Jazz Articles

CD/LP/TRACK REVIEW

Noah Preminger: Dark Was The Night, Cold Was The Ground

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Saxophonist Noah Preminger got this backwards. His latest release, Dark Was The Night, Cold Was The Ground should have preceded the 2015 recording Pivot: Live At The 55 Bar. Same quartet of trumpeter Jason Palmer, bassist Kim Cass, and drummer Ian Froman. Same theme, the Delta Blues. The reverse order observation is a historical one. Where John Coltrane would record an album of shortish compositions, then take them to the Village Vanguard to expand them to album length tracks, Preminger ...

CD/LP/TRACK REVIEW

Terrence McManus & John Hebert: Saints and Sinners

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Here's an album that was recorded in 2010 and released in 2015. Hence, It's better late than never, especially since this duo production by rising star experimental guitarist Terrence McManus and all-universe jazz session bassist and leader, John Hebert tease our imaginations via these nine contrasting works. The duo's creative improvisational sparks and acute call and response mechanisms tender deft expressionism from start to finish. They pose a challenging sequence of circumstances that spawn an abundance of mind-bending gambits.

CD/LP/TRACK REVIEW

Offpiste Gurus: In Case Of Fire

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And now, as they say, for something completely different. In Case Of Fire is “Scandinavian Indie-Pop Jazz" for want of any other label, by the group Offpiste Gurus (vocalist/poet/songwriter Trinelise Væring, reedman Fredrik Lundin, bassist Thomas Vang and drummer/percussionist Jeppe Gram). “Offpiste" literally means skiing purposefully on ungroomed trails, that is off the beaten path, and an extended meaning of broadly doing the unexpected. How this applies here is that the album, which consists of eleven tracks all ...

CD/LP/TRACK REVIEW

Noah Preminger: Dark Was the Night, Cold Was the Ground

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The Delta Blues, spawned from the callous conditions on Mississippi plantations and farmlands, is an artistic manifestation that creativity can overcome, survive, and thrive, amidst overwhelming situations. These sparse, rural blues, which came out of the fields so long ago, continue to influence contemporary musicians seeking a raw form of expression. Count saxophonist Noah Preminger among those who have gone back to these roots, his Dark Was The Night, Cold Was The Ground, is a re-invigoration process based on primordial ...

CD/LP/TRACK REVIEW

Noah Preminger: Pivot: Live At The 55 Bar

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The first thing that should be said about tenor saxophonist Noah Preminger's Pivot: Live At The 55 Bar is the extremely exciting you-are-there feeling of the recording. Recording engineer Jimmy Katz has managed to capture the sound and visceral feel of a jazz quartet in full cry with no net. Many jazz listeners can remember a performance when eveything clicked and the magic happened--where the audience was as much in the groove as the players were with no space existing ...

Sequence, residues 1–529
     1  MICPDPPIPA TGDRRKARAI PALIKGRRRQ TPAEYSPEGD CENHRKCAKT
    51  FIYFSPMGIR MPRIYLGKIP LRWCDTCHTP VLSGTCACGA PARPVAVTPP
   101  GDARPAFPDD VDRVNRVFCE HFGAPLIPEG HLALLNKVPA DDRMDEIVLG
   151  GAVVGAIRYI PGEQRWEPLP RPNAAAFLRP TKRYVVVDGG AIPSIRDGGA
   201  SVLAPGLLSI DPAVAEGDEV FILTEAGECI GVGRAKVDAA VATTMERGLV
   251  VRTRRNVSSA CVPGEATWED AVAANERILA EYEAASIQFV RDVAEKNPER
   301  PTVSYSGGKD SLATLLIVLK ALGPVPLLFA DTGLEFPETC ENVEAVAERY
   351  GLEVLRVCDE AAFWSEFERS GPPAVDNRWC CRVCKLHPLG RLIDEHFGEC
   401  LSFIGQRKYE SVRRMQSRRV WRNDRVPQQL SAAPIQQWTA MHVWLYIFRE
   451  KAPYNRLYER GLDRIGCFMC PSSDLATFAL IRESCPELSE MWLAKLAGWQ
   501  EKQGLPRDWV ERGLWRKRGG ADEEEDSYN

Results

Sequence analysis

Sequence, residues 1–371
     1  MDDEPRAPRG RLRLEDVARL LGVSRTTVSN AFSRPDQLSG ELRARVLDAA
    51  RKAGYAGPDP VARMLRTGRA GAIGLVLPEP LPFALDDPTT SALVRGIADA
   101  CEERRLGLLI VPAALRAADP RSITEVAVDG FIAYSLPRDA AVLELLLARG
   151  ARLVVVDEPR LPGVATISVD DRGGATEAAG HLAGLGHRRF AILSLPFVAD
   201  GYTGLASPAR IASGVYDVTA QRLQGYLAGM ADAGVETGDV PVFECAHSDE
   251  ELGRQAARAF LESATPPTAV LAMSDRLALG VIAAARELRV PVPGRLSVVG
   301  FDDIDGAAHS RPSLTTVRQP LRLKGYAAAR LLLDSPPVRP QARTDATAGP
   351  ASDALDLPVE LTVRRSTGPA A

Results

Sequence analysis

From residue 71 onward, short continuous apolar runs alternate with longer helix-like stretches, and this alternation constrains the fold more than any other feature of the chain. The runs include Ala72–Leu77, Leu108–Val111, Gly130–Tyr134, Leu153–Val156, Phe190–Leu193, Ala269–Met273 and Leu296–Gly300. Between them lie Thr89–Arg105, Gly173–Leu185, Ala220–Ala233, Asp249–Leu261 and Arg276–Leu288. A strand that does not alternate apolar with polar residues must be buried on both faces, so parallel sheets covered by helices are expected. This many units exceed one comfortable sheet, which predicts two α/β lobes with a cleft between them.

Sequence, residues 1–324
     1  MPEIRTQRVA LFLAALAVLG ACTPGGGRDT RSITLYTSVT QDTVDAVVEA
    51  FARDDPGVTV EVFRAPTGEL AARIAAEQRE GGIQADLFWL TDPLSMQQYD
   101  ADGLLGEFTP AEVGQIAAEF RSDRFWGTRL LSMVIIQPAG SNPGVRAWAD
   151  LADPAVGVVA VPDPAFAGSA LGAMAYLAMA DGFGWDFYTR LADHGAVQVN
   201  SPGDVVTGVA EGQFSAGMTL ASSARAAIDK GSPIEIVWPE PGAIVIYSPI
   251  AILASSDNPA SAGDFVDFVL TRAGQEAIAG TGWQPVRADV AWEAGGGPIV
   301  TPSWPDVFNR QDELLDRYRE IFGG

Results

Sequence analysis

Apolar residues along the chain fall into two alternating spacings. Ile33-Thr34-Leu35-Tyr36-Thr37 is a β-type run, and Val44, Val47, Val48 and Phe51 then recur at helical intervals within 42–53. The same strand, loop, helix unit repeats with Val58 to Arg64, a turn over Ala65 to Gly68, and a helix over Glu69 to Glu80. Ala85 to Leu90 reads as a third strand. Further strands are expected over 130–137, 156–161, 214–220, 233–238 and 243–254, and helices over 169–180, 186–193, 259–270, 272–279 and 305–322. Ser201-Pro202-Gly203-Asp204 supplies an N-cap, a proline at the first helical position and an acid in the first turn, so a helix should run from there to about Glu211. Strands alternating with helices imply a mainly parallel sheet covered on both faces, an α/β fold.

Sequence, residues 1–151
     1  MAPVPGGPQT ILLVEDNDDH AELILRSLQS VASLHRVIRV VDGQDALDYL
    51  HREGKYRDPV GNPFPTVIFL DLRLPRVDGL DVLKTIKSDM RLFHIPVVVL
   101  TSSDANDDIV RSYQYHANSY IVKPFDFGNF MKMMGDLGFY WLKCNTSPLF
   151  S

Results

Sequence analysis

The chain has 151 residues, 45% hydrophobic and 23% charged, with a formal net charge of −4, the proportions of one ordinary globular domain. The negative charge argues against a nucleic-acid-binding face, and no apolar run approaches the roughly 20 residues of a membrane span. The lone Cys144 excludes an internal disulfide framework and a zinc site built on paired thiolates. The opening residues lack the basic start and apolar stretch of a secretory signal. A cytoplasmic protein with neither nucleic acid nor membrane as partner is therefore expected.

CD/LP/TRACK REVIEW

Bathysphere: Bathysphere

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Driff Records labelmates, pianist Pandelis Karayorgis and reedman Jorrit Dijkstra assembled this impressive lineup with the intentions of keeping the “individual musicians in mind." The group moniker relates to a deep-sea submersible apparatus that draws a parallel to the ensemble's deep dive musical exploits. The band imparts a translucent region of sound via asymmetrical elements of modern mainstream and avant-garde framed expressionism. One of the reoccurring highlights pertain to the artists' inner-workings and mechanics in concert with ballsy horns charts; ...

CD/LP/TRACK REVIEW

Henry Kaiser/Steve Parker/Damon Smith/Chris Cogburn: Nearly Extinct

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The title of this improvising free jazz quartet's release Nearly Extinct, is a reference to the current state of instant composing. The cover lists various players (Albert Ayler, Cecil Taylor, John Coltrane), Bands (ICP Orchestra, SME, AMM, AACM, ISKRA 1903), and refers to differing scenes from San Francisco to London and Wuppertal. That title is certainly a misnomer. If we think of it in terms of popular music, free jazz or free improvisation was a stillborn child back ...

CD/LP/TRACK REVIEW

Gary Lucas' "Fleischerei": Music From Max Fleischer Cartoons

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The hip kids knew what to look for in those Saturday morning cartoons. It was the early Warner Brothers' animations and the black-and-white Popeye and Betty Boop cartoons. Insider jokes, stabs at the government and popular figures, and sexual innuendo were commonplace, even if we didn't quite get the meanings. Each were politically incorrect, before there was such a thing as political correctness. You knew you were onto something, and in retrospect the music was the key that unlocked that ...


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